Clinical and pathobiological effects of neoadjuvant total androgen ablation therapy on clinically localized prostatic adenocarcinoma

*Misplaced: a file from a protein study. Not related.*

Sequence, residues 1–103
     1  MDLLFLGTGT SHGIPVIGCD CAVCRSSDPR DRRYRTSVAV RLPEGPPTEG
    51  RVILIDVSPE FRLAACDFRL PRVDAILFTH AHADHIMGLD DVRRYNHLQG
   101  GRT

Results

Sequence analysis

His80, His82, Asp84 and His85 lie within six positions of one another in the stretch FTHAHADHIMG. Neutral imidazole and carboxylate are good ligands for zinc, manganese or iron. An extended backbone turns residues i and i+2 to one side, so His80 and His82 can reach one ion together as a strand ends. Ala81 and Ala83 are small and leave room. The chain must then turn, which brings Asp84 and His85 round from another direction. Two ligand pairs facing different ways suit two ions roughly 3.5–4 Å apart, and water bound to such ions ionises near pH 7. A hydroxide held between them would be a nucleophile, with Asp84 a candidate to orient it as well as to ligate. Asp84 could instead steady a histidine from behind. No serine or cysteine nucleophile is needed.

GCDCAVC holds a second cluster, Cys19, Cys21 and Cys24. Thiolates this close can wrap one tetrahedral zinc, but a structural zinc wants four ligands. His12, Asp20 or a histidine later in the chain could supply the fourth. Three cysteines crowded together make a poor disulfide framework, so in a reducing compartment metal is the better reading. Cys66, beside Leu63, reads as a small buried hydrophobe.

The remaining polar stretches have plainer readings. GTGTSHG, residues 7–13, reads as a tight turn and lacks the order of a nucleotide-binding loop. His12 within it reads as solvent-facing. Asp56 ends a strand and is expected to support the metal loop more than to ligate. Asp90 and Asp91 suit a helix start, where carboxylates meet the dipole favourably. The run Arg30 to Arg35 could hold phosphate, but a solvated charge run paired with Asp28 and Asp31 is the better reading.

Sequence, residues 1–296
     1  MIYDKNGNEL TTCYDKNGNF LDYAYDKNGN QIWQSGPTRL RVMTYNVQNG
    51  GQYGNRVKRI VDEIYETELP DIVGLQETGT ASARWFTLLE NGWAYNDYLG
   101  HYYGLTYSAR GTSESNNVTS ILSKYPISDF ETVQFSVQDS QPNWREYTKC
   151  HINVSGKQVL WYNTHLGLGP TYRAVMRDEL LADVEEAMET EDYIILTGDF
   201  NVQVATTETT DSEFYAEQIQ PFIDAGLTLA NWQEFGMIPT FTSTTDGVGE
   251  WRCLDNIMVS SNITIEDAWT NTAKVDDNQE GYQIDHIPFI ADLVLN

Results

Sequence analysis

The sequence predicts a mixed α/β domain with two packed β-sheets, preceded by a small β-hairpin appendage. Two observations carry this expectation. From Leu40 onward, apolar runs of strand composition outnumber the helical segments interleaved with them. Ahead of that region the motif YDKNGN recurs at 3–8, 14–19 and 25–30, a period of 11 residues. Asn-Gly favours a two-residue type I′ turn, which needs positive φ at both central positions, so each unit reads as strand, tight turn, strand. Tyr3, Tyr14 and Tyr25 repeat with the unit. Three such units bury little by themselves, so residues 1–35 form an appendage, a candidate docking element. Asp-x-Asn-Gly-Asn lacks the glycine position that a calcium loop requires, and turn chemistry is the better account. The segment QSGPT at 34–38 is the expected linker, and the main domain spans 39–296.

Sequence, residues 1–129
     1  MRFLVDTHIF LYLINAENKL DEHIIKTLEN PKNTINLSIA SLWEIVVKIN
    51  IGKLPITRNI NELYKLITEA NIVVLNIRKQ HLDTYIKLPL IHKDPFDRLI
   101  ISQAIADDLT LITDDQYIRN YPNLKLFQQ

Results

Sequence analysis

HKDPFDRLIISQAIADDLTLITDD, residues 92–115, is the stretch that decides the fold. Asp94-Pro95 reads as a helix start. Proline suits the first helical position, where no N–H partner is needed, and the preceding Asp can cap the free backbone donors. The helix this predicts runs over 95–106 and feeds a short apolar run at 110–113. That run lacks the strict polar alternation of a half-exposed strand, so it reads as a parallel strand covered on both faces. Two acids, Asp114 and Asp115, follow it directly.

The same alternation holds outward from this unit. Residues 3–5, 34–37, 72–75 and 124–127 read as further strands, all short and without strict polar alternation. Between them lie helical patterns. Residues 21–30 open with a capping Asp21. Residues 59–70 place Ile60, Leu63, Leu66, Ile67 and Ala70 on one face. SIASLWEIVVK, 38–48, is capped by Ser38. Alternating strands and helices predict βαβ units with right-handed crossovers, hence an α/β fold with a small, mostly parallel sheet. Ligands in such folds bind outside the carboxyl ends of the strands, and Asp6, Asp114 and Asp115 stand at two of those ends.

Neoadjuvant total androgen ablation therapy leads to involutional changes in prostatic carcinoma and may have the potential to downstage operable prostate cancers. We studied 27 clinically localized prostatic carcinomas after 3 months of combined treatment with a luteinizing hormone-releasing hormone agonist, goserelin acetate, and the antiandrogen flutamide, followed by radical retropubic prostatectomy, for changes in the serum prostate-specific antigen (PSA) level, changes in prostatic volume, therapy-induced histopathologic changes, DNA ploidy, and proliferative activity. Ten hormonally untreated, grade-matched prostatic adenocarcinomas served as controls. The mean pretherapy serum PSA level was 17.5 ng/ml, and posttherapy PSA levels were all < 4.0 ng/ml, with 18 men having undetectable levels. The mean reduction in prostatic volume following hormonal therapy was 37% (range 16-52%). Pathologic staging confirmed 20 pT2N0, six pT3N0, and one pT3N1. All prostates showed residual adenocarcinoma (extremely focal in seven cases [26%] with loss of glandular architecture, cytoplasmic vacuolization, and nuclear pyknosis. High-grade adenocarcinoma was nondiploid in 25% of hormonally treated prostates and 80% of 10 untreated controls. Immunostaining for proliferating cell nuclear antigen showed > 10% nuclear reactivity in 33% of treated carcinomas and 90% of untreated carcinomas. In conclusion, 3 months of neoadjuvant androgen ablation for localized prostatic carcinoma significantly lowers serum PSA and prostatic volume and produces involutional changes in residual carcinomas that mimic high-grade disease. However, pretreated carcinomas have predominantly a diploid DNA content and low proliferative activity as opposed to untreated carcinomas. Thus, grading of pretreated adenocarcinomas by conventional methods may be misleading. Preoperative total androgen ablation has a profound effect on a subset of prostatic carcinoma cells, possibly by facilitating programmed cell death.